The Motor City spirit is undeniable at Occupy Detroit. In spite of the steady, cold rain, the movement has been growing steadily since its inception the last week. Over 300 people marched on Bank of America on Friday, carrying a golden calf as a symbol of false idols of Wall Street and chanting “Banks got bailed out, we got sold out!”
One hour before the scheduled Occupy Detroit march at the downtown Detroit of Bank of America, the rain stopped and the sun came out. Over 300 people converged in front of the historic Guardian Building at Griswold and Congress during the downtown lunch hour, an unexpectedly large crowd from a city beleaguered by necessary and justifiable causes, for a city burdened by historic levels of unemployment, challenged unions, and reduced resources everywhere.
They came from the wetlands of Grand Circus Park, from office buildings, from parking lots, from home kitchens, from elementary school classrooms, from the grocery store, from churches and from art studios. They walked, rode bicycles, drove by waving and honking, and came grouped from various organizations. Some had dogs, some dressed colorfully, some were waving signs, some were chanting, and some were playing garbage can drums. Some were college age, some were parents and some were grand parents, some were unemployed, some are retired, and some were using cameras like life-saving equipment.
They marched on Bank of America carrying a large golden calf to represent Wall Street, as they chanted, “Banks got bailed out, we got sold out!”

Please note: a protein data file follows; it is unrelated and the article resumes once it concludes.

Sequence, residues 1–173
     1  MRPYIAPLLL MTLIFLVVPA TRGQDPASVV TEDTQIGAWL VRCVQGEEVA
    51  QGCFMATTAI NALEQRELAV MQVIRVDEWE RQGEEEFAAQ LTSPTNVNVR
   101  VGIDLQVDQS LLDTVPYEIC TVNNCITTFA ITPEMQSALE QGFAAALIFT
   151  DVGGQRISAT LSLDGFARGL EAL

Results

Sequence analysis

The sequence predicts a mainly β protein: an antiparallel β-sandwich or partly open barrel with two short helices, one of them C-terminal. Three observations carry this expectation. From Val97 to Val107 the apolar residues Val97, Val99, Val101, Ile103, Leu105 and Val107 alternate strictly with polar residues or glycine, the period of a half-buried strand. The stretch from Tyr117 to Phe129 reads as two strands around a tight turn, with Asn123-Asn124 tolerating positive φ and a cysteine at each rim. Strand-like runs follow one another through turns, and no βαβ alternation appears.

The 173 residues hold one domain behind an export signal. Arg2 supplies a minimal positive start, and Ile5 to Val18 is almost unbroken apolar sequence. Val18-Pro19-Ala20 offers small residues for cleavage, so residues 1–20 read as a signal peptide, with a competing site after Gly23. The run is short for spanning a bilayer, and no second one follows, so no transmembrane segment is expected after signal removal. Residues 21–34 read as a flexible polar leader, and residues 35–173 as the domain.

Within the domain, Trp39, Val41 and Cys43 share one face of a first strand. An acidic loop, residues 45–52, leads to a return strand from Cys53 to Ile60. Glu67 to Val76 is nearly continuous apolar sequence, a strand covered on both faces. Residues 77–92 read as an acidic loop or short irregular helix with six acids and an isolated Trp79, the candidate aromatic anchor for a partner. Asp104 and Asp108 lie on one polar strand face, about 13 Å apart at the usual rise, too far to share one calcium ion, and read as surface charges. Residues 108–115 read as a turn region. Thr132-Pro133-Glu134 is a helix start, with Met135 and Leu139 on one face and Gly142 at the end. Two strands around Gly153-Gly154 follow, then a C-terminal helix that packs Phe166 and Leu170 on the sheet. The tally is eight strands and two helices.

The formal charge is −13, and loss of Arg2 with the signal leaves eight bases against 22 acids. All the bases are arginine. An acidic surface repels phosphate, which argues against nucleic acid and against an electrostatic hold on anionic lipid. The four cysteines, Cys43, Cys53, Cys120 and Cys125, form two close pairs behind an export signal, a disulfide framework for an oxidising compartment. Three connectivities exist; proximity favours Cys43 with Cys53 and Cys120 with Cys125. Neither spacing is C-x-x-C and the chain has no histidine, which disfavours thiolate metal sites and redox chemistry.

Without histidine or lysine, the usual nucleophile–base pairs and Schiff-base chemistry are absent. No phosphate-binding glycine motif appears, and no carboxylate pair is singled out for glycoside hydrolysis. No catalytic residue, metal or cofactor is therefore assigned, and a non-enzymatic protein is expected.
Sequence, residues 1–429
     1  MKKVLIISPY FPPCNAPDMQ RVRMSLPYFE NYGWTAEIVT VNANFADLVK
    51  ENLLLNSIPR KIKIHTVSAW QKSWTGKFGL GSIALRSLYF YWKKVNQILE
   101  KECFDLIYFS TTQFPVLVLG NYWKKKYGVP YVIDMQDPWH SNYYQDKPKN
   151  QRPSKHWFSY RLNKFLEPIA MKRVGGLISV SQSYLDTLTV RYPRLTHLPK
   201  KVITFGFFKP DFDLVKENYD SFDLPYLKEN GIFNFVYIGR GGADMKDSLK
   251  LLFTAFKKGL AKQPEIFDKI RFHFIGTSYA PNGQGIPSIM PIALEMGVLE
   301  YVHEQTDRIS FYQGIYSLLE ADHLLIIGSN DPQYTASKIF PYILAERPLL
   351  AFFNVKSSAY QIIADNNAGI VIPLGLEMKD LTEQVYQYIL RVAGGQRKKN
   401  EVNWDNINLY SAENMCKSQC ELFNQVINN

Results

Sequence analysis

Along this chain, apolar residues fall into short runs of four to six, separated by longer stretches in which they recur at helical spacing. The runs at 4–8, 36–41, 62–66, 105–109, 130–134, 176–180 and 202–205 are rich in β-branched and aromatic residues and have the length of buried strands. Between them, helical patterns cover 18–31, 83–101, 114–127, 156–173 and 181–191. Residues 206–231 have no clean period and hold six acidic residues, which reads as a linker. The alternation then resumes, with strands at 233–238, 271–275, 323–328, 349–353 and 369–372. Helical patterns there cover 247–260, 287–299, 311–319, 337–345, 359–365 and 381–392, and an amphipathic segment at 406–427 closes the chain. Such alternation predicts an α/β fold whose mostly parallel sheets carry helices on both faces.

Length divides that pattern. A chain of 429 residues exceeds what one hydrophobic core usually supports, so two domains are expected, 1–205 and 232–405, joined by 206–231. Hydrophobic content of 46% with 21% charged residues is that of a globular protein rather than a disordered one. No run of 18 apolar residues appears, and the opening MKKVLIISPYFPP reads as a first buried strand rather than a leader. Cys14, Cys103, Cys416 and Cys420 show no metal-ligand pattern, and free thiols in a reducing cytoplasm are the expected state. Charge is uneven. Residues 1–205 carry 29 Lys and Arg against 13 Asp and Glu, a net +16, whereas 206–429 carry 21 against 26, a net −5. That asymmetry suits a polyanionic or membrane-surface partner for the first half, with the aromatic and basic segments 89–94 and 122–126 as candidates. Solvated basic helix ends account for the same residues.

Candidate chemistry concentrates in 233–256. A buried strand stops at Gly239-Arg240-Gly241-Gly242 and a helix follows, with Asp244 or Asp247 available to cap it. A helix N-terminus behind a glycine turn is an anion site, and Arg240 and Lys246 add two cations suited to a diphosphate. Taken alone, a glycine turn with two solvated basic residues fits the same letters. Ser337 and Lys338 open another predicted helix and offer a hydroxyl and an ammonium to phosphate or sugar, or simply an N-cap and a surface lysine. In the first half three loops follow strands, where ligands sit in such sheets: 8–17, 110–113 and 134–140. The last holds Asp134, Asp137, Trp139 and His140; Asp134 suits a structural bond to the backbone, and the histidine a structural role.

Watch here, courtesy of Sheleem Media Services for PoliticusUSA:
Linda Jackson, a retired teacher, explained that she was joining Occupy Detroit because she was fed up with the inequities and wanted to support the occupiers. Ms. Jackson worked in the public school system for 30 years and yet between sending her son to college and taking care of her mother at home, finances are beyond tight. Ms. Jackson said, “I’m tired of what’s happening to our country. Public labor, police officers, firefighters, public school teachers, hospital workers, the people who are moving this country forward are being attacked by the corporate entities. The fact is, you almost can’t live anymore. The price of gas, the price of food, the challenges of trying to meet your house note, your insurance note, it’s just impossible.”
Pointing to Bank of America behind her, Ms. Jackson articulated what so many Americans are feeling, “And everyday, you see where Banks of America are getting bailed out, but they’re demanding money from you! And you get any relief. You can’t even– Not only that, you don’t get a raise, they cut what you already have. I can’t believe how they expect us to live. It’s insane.”
Asked if she was surprised about Occupy Detroit, she said, “No, it’s long overdue. I’m happy that it’s here; I wonder why it took so long to get here.” Then, noting the easy going police in the background, Ms. Jackson said, “Well, they’re part of this thing too!”
While it may have taken Americans a while to wake up, now that they have, their grit and determination to fight for their liberty is palpable and contagious. It’s been raining steadily since last Sunday when Occupying Detroit began, but that didn’t deter the movement from growing. The Occupy Detroit campers in Grand Circus Park in downtown Detroit were sodden, dripping, and beyond chilled in the below 50 degree temperature. The mud seemed to grow in depth and width; walking pathways were depressed, almost trenches. Tents were draped in tarps and most people were also draped — in plastic tablecloths, plastic ponchos, smaller tarps, or trash bags.